Taitz opened a dental practice, which now has offices in the upper-middle-class Orange County enclaves of Mission Viejo and Rancho Santa Margarita, and got a law degree by correspondence from William Howard Taft University; meantime, the pair had three sons, the eldest of whom is now a student at Cornell University.
When the boys were young, she said, she was too busy shuttling them to tae kwon do lessons and the like to get involved with politics, but she said she got involved enough with AIPAC that the whole family—with the boys stuffed into fancy suits—attended the organization’s convention in Washington in 2006. That summer, during the Israel’s Lebanon War, she attended a pro-Israel rally in Irvine, California, where she told a reporter for the Orange County Register, “It is unfortunate that collateral damage happens, but it is necessary to exterminate terrorist groups like Hamas and Hezbollah.”
Taitz speaks to her husband in Hebrew, and boasts that Israeli Prime Minister Benjamin Netanyahu signed up to be her friend on Facebook (he does not appear in her public friend list, though Rep. Eric Cantor, the House Republican Whip, does). But she demurred when asked whether her involvement with the birther movement had anything to do with opposition to Obama’s policies toward Israel. “I am an attorney,” she said, “so when I see something that is totally illegal, that bothers me, particularly when we are talking about presidents of the United States.”
She said she learned about the “eligibility issue” last summer, after reading a blog item about Obama’s childhood school enrollment in Indonesia under his stepfather’s surname, Soetoro. (One question she posed in our conversation was about whether Obama had ever legally changed his name back from Soetoro, and if not, whether he was inaugurated under the wrong name.) In October, she contacted California Secretary of State Debra Bowen—a Democrat—to ask whether her office had verified Obama’s citizenship status; when Bowen’s office responded that she had not, Taitz retorted with a series of angry letters to local newspapers, earning her an invitation to address a meeting of an anti-illegal immigration group, and, in turn, an invitation to appear on the radio with Wiley Drake, who happened to be running for vice-president on the American Independent Party ticket headed by Alan Keyes—the onetime diplomat and four-time presidential candidate who ran, as a Republican, in the 2004 Illinois Senate race that Obama ultimately won.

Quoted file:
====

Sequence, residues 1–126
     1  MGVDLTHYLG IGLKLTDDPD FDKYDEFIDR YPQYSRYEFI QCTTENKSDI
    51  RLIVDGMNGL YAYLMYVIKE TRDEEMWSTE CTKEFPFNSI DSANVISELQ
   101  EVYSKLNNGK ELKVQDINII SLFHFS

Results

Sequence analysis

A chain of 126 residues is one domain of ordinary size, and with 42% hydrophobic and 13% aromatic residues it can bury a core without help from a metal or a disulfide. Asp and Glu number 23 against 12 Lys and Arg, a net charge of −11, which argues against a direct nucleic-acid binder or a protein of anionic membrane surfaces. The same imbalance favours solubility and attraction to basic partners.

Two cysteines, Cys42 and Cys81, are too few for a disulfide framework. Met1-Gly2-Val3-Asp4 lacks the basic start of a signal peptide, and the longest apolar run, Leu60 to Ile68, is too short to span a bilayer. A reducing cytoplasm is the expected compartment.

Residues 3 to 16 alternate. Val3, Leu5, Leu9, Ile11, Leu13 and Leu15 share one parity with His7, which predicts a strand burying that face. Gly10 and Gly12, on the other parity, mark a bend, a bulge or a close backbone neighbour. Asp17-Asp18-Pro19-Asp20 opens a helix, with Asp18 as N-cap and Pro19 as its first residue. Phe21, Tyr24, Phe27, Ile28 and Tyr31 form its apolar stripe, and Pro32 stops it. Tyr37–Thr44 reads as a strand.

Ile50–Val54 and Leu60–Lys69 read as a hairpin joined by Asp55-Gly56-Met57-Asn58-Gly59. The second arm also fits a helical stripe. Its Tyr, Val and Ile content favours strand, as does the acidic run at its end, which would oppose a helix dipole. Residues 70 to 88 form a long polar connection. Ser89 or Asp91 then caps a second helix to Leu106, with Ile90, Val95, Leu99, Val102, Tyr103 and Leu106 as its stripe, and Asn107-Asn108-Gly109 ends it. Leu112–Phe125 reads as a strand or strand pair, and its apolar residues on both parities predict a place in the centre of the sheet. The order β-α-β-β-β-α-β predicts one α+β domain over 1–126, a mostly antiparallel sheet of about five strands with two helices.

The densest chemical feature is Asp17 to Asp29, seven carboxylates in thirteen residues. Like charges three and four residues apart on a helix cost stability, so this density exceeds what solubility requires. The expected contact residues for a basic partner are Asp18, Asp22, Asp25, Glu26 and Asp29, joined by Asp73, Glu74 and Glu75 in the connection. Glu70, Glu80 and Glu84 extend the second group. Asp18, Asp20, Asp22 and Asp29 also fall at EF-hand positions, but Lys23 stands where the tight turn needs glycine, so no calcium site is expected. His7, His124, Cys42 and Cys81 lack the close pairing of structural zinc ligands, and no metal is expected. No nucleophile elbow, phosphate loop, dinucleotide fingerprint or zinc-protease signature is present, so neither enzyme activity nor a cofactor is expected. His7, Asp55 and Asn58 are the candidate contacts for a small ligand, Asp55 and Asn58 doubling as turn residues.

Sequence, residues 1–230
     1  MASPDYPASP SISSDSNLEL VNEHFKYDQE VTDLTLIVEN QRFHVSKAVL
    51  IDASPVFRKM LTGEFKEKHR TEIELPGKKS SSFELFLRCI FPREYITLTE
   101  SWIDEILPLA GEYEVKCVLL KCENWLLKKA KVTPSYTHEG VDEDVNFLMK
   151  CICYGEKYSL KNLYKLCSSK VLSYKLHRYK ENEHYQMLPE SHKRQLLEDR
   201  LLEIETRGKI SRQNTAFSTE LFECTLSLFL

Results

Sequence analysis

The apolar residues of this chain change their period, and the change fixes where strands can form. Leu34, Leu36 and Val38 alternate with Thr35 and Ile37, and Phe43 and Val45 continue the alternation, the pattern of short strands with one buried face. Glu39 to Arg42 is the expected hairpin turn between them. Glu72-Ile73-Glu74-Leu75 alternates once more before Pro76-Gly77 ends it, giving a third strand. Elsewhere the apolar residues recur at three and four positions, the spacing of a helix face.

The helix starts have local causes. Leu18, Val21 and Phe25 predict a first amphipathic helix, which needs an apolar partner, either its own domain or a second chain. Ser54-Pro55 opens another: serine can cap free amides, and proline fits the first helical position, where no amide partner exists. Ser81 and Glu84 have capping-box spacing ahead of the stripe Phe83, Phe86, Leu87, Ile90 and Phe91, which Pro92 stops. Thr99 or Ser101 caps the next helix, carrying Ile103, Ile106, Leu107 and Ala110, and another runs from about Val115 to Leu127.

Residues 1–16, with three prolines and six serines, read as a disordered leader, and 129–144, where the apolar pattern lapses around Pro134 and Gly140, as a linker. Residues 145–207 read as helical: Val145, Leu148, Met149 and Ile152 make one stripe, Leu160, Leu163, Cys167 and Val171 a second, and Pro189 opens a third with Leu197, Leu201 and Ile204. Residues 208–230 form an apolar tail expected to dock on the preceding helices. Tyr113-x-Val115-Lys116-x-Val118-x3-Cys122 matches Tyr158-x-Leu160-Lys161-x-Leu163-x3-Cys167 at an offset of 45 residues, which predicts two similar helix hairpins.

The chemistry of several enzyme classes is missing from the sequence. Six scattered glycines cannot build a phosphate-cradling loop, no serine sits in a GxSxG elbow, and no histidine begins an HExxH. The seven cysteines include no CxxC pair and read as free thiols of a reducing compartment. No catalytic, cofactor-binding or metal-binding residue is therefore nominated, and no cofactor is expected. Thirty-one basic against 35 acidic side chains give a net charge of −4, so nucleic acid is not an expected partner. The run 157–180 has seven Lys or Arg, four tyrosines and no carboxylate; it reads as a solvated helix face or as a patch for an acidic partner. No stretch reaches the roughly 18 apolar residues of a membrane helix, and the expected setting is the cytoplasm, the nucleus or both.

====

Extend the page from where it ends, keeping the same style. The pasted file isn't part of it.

By November, shortly after the election, Taitz had been drafted to represent Keyes in a rearguard challenge; she filed suit against Bowen, asking that California investigate Obama’s eligibility to serve. The case was quashed, but not before Taitz took her challenge to the U.S. Supreme Court—and then, in March, showed up at a speech given by Chief Justice John Roberts in Idaho, where she challenged him from the microphone to hear it.
Now she has the military case, and Lou Dobbs’s attention; the Orange County Weekly recently labeled her the “Queen Bee of people obsessed with Barack Obama’s birth certificate.” Taitz insisted her doggedness had nothing to with partisanship; she claimed support from Berg’s wing, “Blue Dog Democrats, Hillary Clinton supporters.”
“People think I’m a right-wing conservative, a Christian conservative—one reporter called me anti-Semitic,” Taitz said, laughing. “Why did she think that? I don’t know.”